Goulburn local Peter Grimston married Goulburn born Emily Toovey in 1892. Their family home was in Emmerson Street Goulburn, where they raised their six children. One of their sons Ernest George, was working as an engine cleaner when the Kangaroo March camped in Goulburn.
Ernest had served in the Cadets for four years and in the 43rd Infantry for two. He was a tall, slim, brown haired and brown eyed young man aged twenty when he was enlisted into the 55th Battalion 3rd Reinforcement and embarked from Sydney on Barambah in June 1916. Arriving in Plymouth August 1916.
He spent some time in hospital in England with minor problems while undergoing AIF training, before being sent with the 19th Battalion to see action in France and Belgium. The fighting near Fler in November 1916 was in some of the worst conditions experienced by the AIF. During 1917 Ernest saw action in a number of fronts, the follow-up of German forces retreating to the Hindenburg Line, Lagincourt, Bullecourt, Menin Road and Poelcappelle. 1918 brought further fighting – Hangard Wood and Amiens.
On the night of 31st August 1918 the Australians crossed the river Somme and broke the German lines at Mont Saint-Quentin and Péronne. Ernest was awarded the Distinguished Conduct Medal.
The Government Gazette No. 35 describes the action for which this medal was awarded:
‘In the attack on Mont St. Quentin, on 31 August, 1918, his sergeant having located a machine gun, the two decided to attack the post. They worked amongst buildings to within 15 yards, and rushed the gun. Although the sergeant was immediately killed Corporal Grimston reached the post, wounded the two occupants, and captured the gun.’ It was also recorded that he had shown great bravery in bringing in a wounded mate who was in an exposed position, doing so under fire.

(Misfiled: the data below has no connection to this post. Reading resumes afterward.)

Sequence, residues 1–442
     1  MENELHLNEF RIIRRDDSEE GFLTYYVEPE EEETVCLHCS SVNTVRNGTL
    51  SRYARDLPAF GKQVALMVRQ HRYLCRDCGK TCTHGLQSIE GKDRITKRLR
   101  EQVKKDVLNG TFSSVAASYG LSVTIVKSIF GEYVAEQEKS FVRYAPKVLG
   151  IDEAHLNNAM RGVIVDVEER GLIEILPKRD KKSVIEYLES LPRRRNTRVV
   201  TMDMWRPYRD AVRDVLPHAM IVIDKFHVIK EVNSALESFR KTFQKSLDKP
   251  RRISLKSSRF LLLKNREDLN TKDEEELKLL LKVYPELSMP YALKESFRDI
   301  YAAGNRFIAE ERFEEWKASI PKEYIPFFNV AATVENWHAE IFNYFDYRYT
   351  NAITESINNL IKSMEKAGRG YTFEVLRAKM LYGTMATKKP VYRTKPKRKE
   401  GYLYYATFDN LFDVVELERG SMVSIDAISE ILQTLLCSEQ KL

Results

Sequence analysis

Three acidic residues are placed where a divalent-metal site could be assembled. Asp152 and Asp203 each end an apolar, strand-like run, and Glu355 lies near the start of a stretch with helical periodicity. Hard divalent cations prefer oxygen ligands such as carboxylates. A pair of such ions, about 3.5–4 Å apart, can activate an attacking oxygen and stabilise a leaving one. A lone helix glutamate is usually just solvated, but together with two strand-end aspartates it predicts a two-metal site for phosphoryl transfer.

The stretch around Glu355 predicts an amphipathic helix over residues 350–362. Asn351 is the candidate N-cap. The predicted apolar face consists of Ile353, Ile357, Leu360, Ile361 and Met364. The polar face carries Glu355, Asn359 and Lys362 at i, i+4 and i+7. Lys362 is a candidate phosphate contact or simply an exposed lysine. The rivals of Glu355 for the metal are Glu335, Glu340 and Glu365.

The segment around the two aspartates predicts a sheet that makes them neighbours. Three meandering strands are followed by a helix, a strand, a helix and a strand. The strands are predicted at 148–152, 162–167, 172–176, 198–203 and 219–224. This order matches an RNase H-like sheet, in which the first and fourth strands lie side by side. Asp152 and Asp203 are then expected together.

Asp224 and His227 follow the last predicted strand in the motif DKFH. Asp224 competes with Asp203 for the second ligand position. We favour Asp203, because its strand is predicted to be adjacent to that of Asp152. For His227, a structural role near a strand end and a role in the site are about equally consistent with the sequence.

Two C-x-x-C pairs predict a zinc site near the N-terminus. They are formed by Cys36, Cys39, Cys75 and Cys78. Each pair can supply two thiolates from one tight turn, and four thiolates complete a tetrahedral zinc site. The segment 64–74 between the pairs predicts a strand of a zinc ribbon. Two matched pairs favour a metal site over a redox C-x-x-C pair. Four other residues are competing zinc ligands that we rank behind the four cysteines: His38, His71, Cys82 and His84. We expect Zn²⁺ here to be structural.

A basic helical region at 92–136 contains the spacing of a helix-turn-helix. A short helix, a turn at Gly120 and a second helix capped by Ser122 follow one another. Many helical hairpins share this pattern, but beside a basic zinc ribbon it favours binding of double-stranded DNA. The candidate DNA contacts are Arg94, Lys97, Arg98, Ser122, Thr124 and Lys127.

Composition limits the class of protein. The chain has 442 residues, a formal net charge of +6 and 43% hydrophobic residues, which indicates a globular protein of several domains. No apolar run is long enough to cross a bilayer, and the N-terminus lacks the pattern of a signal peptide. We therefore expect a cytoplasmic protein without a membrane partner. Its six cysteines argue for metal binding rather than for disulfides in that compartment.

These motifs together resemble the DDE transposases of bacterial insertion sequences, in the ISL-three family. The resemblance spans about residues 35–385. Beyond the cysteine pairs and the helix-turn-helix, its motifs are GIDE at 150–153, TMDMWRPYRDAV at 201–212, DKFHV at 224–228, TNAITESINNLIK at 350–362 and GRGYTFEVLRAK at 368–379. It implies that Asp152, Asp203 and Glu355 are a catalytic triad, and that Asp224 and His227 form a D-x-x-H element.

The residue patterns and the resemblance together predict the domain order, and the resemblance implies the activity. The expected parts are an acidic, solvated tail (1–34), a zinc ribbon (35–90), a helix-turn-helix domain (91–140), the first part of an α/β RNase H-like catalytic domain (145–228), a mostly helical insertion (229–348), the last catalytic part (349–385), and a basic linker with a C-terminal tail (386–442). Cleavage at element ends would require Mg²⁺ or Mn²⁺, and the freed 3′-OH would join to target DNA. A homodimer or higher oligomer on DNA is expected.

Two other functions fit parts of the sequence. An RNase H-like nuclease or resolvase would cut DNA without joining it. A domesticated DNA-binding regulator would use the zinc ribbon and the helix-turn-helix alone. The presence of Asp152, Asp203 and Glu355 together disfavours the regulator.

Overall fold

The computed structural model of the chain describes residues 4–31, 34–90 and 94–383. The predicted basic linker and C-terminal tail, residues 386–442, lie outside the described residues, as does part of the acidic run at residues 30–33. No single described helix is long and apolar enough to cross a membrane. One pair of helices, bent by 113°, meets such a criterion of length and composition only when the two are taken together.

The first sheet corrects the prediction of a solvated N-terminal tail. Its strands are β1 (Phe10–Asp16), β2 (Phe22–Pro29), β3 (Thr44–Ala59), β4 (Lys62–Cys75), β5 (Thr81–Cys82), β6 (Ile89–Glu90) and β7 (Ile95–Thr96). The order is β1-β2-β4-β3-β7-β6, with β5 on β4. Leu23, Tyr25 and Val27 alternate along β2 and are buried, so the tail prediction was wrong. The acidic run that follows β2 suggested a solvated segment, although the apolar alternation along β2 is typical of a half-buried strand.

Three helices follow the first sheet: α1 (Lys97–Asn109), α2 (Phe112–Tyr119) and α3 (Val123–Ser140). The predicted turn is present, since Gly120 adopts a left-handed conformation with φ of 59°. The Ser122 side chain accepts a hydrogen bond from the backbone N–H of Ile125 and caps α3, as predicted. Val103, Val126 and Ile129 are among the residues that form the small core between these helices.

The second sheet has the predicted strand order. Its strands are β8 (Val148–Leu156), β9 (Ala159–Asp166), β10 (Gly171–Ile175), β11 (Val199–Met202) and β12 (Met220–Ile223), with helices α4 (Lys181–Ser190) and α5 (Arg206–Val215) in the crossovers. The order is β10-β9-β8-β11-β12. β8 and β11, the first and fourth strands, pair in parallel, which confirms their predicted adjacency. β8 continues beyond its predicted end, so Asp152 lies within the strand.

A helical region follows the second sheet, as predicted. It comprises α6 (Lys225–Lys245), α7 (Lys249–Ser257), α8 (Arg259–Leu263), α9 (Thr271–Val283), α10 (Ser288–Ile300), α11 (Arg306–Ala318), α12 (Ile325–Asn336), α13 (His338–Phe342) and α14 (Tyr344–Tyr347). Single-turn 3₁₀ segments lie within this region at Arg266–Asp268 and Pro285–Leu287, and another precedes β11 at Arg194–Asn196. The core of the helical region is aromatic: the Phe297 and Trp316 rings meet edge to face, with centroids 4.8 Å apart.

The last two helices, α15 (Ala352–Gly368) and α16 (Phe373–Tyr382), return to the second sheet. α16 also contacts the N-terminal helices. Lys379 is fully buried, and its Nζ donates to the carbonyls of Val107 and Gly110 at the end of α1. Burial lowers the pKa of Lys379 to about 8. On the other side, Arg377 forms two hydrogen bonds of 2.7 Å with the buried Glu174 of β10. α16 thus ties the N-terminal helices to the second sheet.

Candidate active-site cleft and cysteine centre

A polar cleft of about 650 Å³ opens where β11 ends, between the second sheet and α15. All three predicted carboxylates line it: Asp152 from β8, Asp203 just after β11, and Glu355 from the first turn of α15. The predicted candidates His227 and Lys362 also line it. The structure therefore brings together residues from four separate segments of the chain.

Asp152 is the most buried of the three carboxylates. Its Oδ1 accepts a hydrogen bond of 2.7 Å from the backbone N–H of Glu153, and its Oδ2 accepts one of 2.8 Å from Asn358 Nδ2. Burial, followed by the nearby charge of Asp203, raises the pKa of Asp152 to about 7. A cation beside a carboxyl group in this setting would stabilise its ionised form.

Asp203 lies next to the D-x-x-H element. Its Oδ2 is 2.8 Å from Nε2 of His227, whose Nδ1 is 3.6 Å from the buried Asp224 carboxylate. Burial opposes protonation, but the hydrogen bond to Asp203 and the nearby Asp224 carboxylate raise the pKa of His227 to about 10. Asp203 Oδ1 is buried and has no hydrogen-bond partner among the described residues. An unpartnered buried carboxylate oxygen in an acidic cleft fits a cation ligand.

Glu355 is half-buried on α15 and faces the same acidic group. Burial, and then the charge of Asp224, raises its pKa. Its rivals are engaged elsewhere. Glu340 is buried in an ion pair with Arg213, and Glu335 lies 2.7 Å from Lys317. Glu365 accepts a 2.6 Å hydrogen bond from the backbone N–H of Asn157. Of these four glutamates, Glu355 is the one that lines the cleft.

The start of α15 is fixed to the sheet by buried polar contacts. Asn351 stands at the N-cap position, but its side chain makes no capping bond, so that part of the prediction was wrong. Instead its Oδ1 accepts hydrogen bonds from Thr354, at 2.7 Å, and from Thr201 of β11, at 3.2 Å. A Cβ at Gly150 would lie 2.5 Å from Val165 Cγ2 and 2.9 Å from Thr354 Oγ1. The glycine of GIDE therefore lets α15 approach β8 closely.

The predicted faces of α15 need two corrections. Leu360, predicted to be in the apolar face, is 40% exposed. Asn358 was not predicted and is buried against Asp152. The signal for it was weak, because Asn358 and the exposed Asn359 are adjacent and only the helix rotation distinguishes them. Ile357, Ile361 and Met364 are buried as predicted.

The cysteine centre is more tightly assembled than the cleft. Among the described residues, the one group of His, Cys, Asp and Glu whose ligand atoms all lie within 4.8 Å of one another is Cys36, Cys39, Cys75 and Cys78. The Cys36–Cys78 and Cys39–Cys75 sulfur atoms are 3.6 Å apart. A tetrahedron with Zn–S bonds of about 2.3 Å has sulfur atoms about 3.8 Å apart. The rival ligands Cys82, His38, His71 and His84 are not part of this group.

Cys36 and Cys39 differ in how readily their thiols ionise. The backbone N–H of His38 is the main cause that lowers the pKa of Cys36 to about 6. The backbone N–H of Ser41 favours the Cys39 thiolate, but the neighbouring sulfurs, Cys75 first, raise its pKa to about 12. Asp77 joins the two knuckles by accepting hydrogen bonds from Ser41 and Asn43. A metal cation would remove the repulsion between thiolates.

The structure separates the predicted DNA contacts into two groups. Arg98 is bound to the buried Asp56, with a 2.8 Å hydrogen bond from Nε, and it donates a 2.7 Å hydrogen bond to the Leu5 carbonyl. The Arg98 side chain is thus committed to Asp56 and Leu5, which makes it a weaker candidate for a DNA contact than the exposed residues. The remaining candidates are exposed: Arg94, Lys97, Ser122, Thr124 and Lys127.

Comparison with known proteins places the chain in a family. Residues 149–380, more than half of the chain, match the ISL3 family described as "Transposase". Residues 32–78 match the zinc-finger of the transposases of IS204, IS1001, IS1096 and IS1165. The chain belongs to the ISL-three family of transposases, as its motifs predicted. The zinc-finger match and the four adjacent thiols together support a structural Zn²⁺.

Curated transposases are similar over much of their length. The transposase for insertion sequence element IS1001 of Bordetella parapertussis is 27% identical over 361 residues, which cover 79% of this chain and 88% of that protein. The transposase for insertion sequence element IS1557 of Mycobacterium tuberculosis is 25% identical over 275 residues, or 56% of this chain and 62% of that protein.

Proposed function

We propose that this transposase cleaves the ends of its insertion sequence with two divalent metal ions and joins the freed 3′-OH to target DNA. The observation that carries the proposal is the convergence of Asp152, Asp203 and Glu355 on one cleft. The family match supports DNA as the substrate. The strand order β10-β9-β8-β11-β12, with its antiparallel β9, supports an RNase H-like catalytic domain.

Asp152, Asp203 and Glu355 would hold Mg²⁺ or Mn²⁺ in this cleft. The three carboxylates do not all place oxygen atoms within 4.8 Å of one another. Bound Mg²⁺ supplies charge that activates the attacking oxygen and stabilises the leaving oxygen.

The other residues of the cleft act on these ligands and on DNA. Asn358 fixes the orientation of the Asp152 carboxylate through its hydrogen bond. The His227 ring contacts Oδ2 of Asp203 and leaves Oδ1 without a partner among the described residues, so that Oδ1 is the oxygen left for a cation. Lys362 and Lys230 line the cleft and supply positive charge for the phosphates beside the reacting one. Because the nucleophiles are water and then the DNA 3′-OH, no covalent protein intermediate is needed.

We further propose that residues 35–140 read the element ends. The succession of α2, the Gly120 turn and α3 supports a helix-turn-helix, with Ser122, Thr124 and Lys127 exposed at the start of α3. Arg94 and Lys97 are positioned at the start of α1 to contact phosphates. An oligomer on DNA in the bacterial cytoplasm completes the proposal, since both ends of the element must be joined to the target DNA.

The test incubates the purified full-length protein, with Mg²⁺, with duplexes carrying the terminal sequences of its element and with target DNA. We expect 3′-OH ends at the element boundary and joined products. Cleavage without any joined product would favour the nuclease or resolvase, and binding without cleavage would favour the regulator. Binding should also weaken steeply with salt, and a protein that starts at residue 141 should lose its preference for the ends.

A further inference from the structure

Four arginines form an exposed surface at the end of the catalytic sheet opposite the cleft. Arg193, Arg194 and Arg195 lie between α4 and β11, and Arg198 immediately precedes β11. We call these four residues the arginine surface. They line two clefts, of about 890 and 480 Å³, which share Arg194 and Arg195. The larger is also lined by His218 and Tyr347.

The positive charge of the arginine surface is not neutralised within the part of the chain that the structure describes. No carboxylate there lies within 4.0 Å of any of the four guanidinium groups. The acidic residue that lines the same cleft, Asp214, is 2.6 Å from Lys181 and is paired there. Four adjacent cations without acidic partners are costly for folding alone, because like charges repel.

A week before the 19th Battalion was disbanded to reinforce other units it took part in its last battle, the forcing of the Beaurevoir Line around Montbrehain on 3 October 1918. It was the last battle of all for Ernest George Grimston.
The Red Cross Enquiry Bureau records this statement from a witness: ‘We were attacking a trench held up by wires. Grimston was in the act of firing at a German when he was hit by a machine gun bullet. He took off his equipment and crawled back 180 yards’. Another witness told ‘On the way back I saw Grimston lying in a shell hole. I picked him up. He had been hit by a bullet and was badly wounded. I bandaged his wounds. He was smoking a cigarette and I believe he walked back to an Aid Post’.
Ernest was sent to hospital in England dangerously ill from a gunshot wound to the head. He also contracted pneumonia and died of his wounds on 24th October 1918. He is buried in the Lodge Hill Cemetery in Birmingham, England.
Sources: aif.adfa.edu.au; awm.gov.au; nswbdm.gov.au; naa.gov.au.
Warm appreciation for this story is extended to Dahlis Evans.
We would be very interested to learn more of Ernest Grimston or his family if anyone can add to this, please email Angela Williamson at email@example.com .
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